26 Apr

Making Sense of the Post-Covid World: Continuities and Changes

Marion Fourcade (University of California, Berkeley)


About the event

Joint Lecture Series
Making Sense of the Post-Covid World: Continuities and Changes

26 April 2022 – 19 July 2022
Tuesdays 1:00 p.m. (Rio de Janeiro), 6:00 p.m. (Berlin and Hamburg)

The pandemic has produced ambivalent consequences for social life. Intersectional inequalities, combining, class, ethno-racial, citizenship, and gender inequalities, both between and within countries, grew during the pandemic and became even more difficult to be mitigated in the post-covid world. At the same time, the global virus has irrefutably revealed the high level of interdependency between different social groups, world regions, as well as between human and nonhuman living beings. However, this did not lead to more solidarity at the national and global level as individualistic and antagonistic responses to the pandemic have created and exacerbated divisions and divides. At the same time, these glaring problems came to the fore and demands to tackle them have grown.

This series of lectures seeks to discuss these ambivalent and long-lasting effects of the pandemic on societies: What has been the impact on social inequality and how does this affect the transformation prospects especially of poor countries? What is the impact of the global virus on world politics? How have the pandemic affected the sense of solidarity at the local, national, and global level? How does the global experience of living with and fighting the pandemic affect the treatment of issues concerning the planet’s common future, such as climate change?

To address these questions, the Institute for Social and Political Studies (IESP/Rio de Janeiro), the Hamburg Institute for Social Research (HIS/ Hamburg) and the Institute of Latin American Studies (LAI /FU Berlin) have invited eight experts from different fields of social sciences to give digital lectures followed by debates with the audience. The lectures will take place between April and July 2022 and will be interposed by internal preparatory sessions at each of the organizing institutes. The series of events is funded by the Alexander von Humboldt Foundation within the framework of the Anneliese Meier Research Award conferred to Prof. Domingues, one of the convenors of this lecture series.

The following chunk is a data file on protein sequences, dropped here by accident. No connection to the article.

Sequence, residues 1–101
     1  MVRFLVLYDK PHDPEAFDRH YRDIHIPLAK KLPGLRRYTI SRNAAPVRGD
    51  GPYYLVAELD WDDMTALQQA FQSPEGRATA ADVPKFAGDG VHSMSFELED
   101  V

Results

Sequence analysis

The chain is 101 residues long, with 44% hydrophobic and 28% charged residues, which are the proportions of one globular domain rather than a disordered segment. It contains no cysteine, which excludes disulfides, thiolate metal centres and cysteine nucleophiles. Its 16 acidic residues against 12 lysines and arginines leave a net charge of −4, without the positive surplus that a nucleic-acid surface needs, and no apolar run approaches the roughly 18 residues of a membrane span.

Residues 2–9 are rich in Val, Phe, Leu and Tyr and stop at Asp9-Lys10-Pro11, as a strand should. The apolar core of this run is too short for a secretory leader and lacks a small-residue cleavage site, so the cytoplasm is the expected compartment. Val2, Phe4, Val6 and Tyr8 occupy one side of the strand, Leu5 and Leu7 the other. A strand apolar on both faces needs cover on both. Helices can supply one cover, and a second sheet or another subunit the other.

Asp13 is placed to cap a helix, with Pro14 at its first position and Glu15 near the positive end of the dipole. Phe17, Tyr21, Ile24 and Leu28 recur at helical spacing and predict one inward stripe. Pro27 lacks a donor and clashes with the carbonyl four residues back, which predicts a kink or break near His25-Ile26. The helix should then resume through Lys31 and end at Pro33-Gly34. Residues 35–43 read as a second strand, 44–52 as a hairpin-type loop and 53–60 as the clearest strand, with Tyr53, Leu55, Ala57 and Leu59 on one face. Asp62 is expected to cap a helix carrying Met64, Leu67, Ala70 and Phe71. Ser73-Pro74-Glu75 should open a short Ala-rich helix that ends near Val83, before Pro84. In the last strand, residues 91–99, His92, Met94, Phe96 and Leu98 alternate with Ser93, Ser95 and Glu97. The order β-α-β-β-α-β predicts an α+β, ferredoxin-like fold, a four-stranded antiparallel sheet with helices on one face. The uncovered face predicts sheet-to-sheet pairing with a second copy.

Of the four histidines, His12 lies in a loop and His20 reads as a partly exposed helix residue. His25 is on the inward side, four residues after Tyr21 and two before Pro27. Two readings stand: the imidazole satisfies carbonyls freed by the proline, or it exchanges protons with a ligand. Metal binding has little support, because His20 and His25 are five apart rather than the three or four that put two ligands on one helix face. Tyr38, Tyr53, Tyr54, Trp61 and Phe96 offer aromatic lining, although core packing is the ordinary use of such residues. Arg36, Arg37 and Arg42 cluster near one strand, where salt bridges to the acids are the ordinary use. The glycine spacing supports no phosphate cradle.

26 April 2022
The Great Online Migration. Covid-19 and the Virtualization of American Public Schools, Marion Fourcade (University of California, Berkeley)

The Covid-19 pandemic has been associated with the accelerated deployment of the virtual economy. As societies protected themselves from contagion by limiting interpersonal interactions, a wide range of activities – education, work, social relations, learning, spirituality, leisure, business and politics – quickly reassembled in distancing mode. And as the pandemic stretched out from weeks to months to over a year, these reorganizations started to look permanent.

This conference by Marion Fourcade will explore this “great online migration” through the prism of the virtualization of public schools in the United States. Elementary and secondary schools (or K-12 in American jargon) offer a particularly useful vantage point for analyzing the promises, failures and long-term implications of the digital switchover forced by the onset of the pandemic. Not only have these institutions found themselves at the center of controversies over the legitimacy of lockdowns, but the transition to “distance learning” has been particularly radical and difficult. Finally, the schools’ transformation during this period reveals the growing dependence of public services on technology providers, which strive not only to service new needs, but also to reinvent them in their own image.

Marion Fourcade is Professor of Sociology at UC Berkeley and Distinguished Visiting Professor of Sociology at the Institute for Advanced Study (Princeton) for 2019-2020. She is the author of Economists and Societies: Discipline and Profession in the United States, Britain and France, 1890s to 1990s (Princeton University Press, 2009). Her current work focuses on the politics of wine classification and taste in France and the United States and on new forms of stratification, morality, and profit in the digital economy. A book from this project, The Ordinal Society (with Kieran Healy), is under contract with Harvard University Press.

Registrations via zoom.